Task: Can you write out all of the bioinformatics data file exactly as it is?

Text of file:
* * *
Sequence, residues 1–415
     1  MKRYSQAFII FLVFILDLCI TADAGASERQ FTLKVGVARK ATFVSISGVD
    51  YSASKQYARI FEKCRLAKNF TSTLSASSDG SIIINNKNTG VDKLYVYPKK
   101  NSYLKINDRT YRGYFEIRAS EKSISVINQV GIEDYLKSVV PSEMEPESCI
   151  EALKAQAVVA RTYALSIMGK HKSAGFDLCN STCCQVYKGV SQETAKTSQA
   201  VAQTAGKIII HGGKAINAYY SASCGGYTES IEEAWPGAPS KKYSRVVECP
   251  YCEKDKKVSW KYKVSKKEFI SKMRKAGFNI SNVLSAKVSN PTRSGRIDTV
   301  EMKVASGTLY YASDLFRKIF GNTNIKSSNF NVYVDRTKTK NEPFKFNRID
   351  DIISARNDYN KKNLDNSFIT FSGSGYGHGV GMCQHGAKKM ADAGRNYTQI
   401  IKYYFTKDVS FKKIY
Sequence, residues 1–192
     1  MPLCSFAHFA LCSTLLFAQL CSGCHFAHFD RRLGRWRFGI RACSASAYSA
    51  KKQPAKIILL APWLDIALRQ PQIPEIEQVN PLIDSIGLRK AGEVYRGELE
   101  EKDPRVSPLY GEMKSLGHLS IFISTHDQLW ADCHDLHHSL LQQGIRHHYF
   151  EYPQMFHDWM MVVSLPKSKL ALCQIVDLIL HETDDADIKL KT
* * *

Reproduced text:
Sequence, residues 1–415
     1  MKRYSQAFII FLVFILDLCI TADAGASERQ FTLKVGVARK ATFVSISGVD
    51  YSASKQYARI FEKCRLAKNF TSTLSASSDG SIIINNKNTG VDKLYVYPKK
   101  NSYLKINDRT YRGYFEIRAS EKSISVINQV GIEDYLKSVV PSEMEPESCI
   151  EALKAQAVVA RTYALSIMGK HKSAGFDLCN STCCQVYKGV SQETAKTSQA
   201  VAQTAGKIII HGGKAINAYY SASCGGYTES IEEAWPGAPS KKYSRVVECP
   251  YCEKDKKVSW KYKVSKKEFI SKMRKAGFNI SNVLSAKVSN PTRSGRIDTV
   301  EMKVASGTLY YASDLFRKIF GNTNIKSSNF NVYVDRTKTK NEPFKFNRID
   351  DIISARNDYN KKNLDNSFIT FSGSGYGHGV GMCQHGAKKM ADAGRNYTQI
   401  IKYYFTKDVS FKKIY
Sequence, residues 1–192
     1  MPLCSFAHFA LCSTLLFAQL CSGCHFAHFD RRLGRWRFGI RACSASAYSA
    51  KKQPAKIILL APWLDIALRQ PQIPEIEQVN PLIDSIGLRK AGEVYRGELE
   101  EKDPRVSPLY GEMKSLGHLS IFISTHDQLW ADCHDLHHSL LQQGIRHHYF
   151  EYPQMFHDWM MVVSLPKSKL ALCQIVDLIL HETDDADIKL KT